Understand the source of our prosperity
Our world is more prosperous than ever, or at least was before the economic disruption from COVID-19. The ongoing search for a vaccine or cure illustrates how knowledge is the source of prosperity. For an even more prosperous future, we must ensure that people have the incentive to create and apply knowledge.
Economists and historians have offered explanations for prosperity, or what economic historian Dierdre McCloskey terms “the Great Enrichment.” Rich and poor countries clearly differ in levels of physical capital – the existence of machines, factories, computers, and robots which make labor, our ultimately most limited resource, more productive. When over ninety percent of humans grew and gathered food, little labor was available for producing clothes, homes or cars, to say nothing of writing books, painting works of art, or composing music.
Investing in physical capital requires saving. Tom Hanks’ character in “Castaway” could not spend a day fashioning a spear to catch fish more effectively unless he had food to eat on that day. Saving is having consumption goods available when desired. Investing also requires secure property rights; a world with too much theft, by either bandits or governments, is destined to by poor.
Yet tools and factories require knowledge. Agricultural labor is estimated to have become at least a thousand times more productive since humans first started planting crops. Some innovations – like shovels, plows and tractors – involve better tools for tasks always done. Drought-resistant seeds and pesticides require applying abstract knowledge from plant biology.
Medical researchers are racing to find a vaccine for COVID-19. The race has likely concluded; we had over 160 candidates at the end of June, with 14 in human trials. I find it highly implausible that none of the 160+ candidates will prove successful. (I knocked on wood after writing these words to avoid jinxing the vaccines.)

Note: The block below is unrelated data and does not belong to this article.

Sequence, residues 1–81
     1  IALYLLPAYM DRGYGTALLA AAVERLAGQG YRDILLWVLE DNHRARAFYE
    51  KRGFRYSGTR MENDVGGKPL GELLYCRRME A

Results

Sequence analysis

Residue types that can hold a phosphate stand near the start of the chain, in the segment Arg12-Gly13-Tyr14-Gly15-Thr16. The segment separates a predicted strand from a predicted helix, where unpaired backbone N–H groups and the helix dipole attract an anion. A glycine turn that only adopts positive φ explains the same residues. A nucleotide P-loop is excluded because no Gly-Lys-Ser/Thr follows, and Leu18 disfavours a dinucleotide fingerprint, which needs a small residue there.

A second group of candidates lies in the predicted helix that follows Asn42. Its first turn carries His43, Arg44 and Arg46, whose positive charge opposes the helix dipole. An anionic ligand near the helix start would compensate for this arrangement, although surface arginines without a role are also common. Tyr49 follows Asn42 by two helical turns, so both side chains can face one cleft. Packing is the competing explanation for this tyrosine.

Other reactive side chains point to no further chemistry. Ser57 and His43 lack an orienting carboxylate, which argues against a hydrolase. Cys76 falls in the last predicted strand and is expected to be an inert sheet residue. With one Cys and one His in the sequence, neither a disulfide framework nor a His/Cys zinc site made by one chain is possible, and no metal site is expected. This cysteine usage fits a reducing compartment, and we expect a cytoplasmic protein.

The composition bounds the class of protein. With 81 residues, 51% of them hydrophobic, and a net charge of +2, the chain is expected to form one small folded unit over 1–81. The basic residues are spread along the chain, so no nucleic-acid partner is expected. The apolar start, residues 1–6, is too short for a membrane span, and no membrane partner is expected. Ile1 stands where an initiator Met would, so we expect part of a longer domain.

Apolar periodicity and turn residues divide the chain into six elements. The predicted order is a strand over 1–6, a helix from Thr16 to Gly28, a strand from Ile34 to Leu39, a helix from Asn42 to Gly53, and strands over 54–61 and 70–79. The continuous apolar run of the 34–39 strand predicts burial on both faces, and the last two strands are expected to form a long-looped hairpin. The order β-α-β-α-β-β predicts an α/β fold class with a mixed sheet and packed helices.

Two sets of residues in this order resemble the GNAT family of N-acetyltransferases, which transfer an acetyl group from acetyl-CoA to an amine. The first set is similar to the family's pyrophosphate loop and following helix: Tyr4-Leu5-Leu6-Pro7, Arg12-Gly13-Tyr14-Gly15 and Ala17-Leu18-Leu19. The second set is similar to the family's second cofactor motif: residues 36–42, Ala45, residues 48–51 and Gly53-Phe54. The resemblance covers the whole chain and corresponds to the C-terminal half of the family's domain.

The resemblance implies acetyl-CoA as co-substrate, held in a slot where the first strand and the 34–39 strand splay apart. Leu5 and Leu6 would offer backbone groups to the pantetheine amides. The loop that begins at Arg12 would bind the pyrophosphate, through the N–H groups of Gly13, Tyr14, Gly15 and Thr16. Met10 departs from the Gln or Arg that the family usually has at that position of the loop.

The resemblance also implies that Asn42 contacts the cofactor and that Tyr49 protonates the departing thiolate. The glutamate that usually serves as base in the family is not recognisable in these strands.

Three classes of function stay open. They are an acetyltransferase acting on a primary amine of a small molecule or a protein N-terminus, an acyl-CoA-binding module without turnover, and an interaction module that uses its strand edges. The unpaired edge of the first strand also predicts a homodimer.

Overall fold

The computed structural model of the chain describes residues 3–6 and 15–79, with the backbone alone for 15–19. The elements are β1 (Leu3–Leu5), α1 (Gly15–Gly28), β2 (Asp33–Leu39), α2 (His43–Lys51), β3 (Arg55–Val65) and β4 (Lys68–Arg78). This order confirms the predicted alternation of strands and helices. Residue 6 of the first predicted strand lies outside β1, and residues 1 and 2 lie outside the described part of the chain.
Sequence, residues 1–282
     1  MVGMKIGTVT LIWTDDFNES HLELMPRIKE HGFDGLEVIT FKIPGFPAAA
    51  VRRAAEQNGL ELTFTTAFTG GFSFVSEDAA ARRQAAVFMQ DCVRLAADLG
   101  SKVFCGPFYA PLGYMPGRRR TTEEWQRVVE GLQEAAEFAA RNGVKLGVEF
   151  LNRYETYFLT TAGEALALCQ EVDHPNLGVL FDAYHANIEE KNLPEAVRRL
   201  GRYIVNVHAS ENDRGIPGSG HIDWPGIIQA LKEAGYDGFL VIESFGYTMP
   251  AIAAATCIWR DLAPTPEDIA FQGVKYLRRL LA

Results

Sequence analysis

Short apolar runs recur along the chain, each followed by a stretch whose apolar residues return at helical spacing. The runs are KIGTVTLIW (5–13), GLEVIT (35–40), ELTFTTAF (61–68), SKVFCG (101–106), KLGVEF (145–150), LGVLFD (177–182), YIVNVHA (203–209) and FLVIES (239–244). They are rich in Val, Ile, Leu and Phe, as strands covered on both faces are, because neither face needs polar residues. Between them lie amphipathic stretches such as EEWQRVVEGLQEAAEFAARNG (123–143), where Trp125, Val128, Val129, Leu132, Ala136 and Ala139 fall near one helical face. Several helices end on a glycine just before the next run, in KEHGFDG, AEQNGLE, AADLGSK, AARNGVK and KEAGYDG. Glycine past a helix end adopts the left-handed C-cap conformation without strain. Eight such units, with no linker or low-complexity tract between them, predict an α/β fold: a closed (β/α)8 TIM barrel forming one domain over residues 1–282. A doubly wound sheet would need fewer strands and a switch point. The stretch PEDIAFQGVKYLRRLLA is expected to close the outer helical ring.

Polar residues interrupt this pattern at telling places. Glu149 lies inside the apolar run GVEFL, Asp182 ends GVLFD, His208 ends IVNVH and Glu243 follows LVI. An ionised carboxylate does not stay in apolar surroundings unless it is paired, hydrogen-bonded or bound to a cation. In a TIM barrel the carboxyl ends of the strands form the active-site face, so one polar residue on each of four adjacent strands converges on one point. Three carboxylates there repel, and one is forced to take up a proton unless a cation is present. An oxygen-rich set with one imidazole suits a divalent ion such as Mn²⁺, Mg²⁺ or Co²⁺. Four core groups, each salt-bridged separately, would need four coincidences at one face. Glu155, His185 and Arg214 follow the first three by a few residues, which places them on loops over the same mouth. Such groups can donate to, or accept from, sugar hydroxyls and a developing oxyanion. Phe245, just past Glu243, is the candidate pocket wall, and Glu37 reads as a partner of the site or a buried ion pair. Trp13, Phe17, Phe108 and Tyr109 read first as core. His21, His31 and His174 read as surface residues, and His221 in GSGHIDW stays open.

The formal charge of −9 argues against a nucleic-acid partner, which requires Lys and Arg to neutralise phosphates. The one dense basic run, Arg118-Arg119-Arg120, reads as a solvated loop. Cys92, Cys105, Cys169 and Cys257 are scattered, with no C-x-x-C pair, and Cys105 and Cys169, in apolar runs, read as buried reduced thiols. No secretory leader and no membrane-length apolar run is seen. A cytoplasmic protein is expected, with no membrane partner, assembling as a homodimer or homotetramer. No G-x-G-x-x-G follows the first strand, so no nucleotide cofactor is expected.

This represents enormous knowledge production capacity. SARS-CoV-2 is a new virus, not a variant of influenza for which we could modify the existing vaccine. Researchers needed something brand new. The development of so many candidates so quickly suggests we may be on the cusp of a new golden age of vaccines.
Historically we have ensured adequate compensation for knowledge production through the patent system. Knowledge has some characteristics making marketing difficult. Chemists can break down a new drug and engineers could reverse-assemble a flying car. Thus, any person who “buys” knowledge can resell it. Patents give the inventor a temporary legal monopoly on use of the knowledge.
The patent system works, as the machines and products of contemporary society prove. The 160-plus candidate SARS-CoV-2 vaccines prove that patents work for medicines. Investors have paid the salaries of scores of teams of medical researchers.
The patent’s monopoly allows the charging of prices to recoup the cost of investment in research (including for products and drugs which never pan out) and reward investors with profits. The chemicals in many drugs are not incredibly expensive; the value resides in the knowledge that these chemicals fight illnesses and save lives. High prices are a feature and not a flaw of the patent system.
Insurance coverage relieves individuals of the burden of high drug prices, yet this just burdens employers, Medicare and Medicaid. Exorbitant prices for life-saving drugs and vaccines also strike many people as morally objectionable price gouging.
This makes price controls for a potential COVID-19 vaccine attractive. In the near term, price controls will likely yield benefits. Once the investment in developing a safe and effective has been made, the vaccine will not be pulled from the market even if the price is set very low. The cost of price controls will be many fewer vaccine candidates for the next new virus to afflict humanity.
An alternative can avoid the monopoly prices of patents while still encouraging knowledge production. The alternative would also, I think, be appropriate for an expedited approval process during a pandemic. But the details will have to wait for next time.
Daniel Sutter is the Charles G. Koch Professor of Economics with the Manuel H. Johnson Center for Political Economy at Troy University and host of Econversations on TrojanVision. The opinions expressed in this column are the author’s and do not necessarily reflect the views of Troy University.